Swollen Knee: 10 Causes, What to Do & Home Treatment

A swollen knee can be caused by direct trauma or falls during sports, both which can cause ligament injuries and lead to swollen. Inflammation may also occur with some illnesses, like arthrosis, arthritis, infections or cysts. 

Generally, swelling in the knee occurs due to increase synovial fluid in the area, which is a fluid need to keep the joint lubricated. 

It is important to consult an orthopedic surgeon for assessment and treatment as necessary. Swelling can be treated with rest, cold compresses and anti-inflammatories. 

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What causes knee swelling?

A swollen knee can occur due to: 

1. Direct trauma 

After following or direct trauma to the knee (like a blow or car accident), the knee can become very swollen and painful. These are usually signs of a sprain or contusion, which can occur when the synovial lining (which covers the joint) becomes swollen. 

This can occur after a fall and can lead to swelling over night. Swelling can also occur due to accumulation of blood within the knee, leaving the outer knee purple and bruised. 

What to do: Place a cold compress on the knee to relieve pain. Be sure to rest with the knee elevated, and to apply anti-inflammatory topicals over the affected areas.

2. Arthrosis

Arthrosis can give the knee a swollen appearance from deformities and abnormal bone growth. It makes the knee appear larger and leave it less flexible. This finding is common in older adults, but it can also affect younger adults over 40 years of age.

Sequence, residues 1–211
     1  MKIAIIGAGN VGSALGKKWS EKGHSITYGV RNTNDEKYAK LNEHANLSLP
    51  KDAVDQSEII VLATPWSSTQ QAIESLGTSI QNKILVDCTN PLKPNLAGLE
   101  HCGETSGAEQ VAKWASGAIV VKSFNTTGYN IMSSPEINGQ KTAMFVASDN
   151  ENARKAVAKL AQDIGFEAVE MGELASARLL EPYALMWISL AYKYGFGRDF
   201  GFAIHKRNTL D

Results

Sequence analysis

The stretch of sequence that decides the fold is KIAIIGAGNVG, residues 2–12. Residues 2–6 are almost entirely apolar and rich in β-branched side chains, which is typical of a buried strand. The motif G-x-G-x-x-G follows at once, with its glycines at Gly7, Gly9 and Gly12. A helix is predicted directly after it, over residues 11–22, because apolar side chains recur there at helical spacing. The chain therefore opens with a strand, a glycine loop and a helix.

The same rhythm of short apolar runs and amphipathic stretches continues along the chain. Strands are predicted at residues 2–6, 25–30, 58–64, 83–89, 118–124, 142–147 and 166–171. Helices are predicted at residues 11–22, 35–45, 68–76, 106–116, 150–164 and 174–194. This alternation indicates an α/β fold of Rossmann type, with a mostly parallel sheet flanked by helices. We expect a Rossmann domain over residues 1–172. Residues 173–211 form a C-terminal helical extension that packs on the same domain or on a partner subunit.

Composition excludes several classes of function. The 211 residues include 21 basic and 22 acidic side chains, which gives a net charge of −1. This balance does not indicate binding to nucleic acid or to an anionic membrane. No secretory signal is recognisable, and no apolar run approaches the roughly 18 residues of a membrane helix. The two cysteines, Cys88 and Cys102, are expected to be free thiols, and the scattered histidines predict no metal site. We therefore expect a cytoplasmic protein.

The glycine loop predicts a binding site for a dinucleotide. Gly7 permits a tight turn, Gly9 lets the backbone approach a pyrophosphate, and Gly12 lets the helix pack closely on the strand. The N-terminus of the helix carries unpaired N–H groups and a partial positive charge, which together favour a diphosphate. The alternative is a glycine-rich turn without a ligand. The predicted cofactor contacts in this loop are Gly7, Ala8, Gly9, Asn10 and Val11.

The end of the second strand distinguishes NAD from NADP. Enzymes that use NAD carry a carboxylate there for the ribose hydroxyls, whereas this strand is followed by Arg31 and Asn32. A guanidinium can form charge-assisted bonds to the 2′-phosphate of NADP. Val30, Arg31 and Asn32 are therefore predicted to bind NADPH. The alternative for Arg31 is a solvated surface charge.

What to do: Physiotherapy is advised to relieve pain, with methods like electronic appliance, joint manipulation, stretching and strengthening recommended. Other important measures include lifestyle changes, like weight loss, avoiding strenuous activity, and opting for supportive shoes may also be beneficial.

3. Arthritis

Knee arthritis can be triggered by a fall, excessive weight, normal aging or auto-immune diseases (like rheumatoid arthritis). Reactive arthritis is also possible, which is knee pain and swelling from other illnesses, like gonorrhea and intestinal parasites. 

What to do: You should see your doctor for assessment of symptoms, especially if you have other chronic diseases or are treating another condition. With arthritis, the doctor may prescribe anti-inflammatory medication and physiotherapy. Lifestyle changes are also recommended, and heavy physical activity should be avoided. An anti-inflammatory diet is advised with low intake of processed foods, like sausage and bacon. 

4. Knee infection

Knees that present with redness and swelling may be a sign of an infectious or inflammatory process. 

What to do: You should see your doctor for assessment, espeically if the knee is very warm to the touch, if swelling persists for over 7 days, if you have difficulty moving the leg, or if you have other symptoms of infection, like a fever.

5. Baker’s cyst

A baker’s cyst is a small lump that can be felt at the back of the knee. These can leave the knee slightly swollen, and patients often report pain and rigidity that worsens with movement and physical activity, 

What to do: Physio is recommended to manage pain and discomfort, however it will not eliminate the cyst. Larger and symptomatic cysts may require injection therapy and removal. 

6. Ligament rupture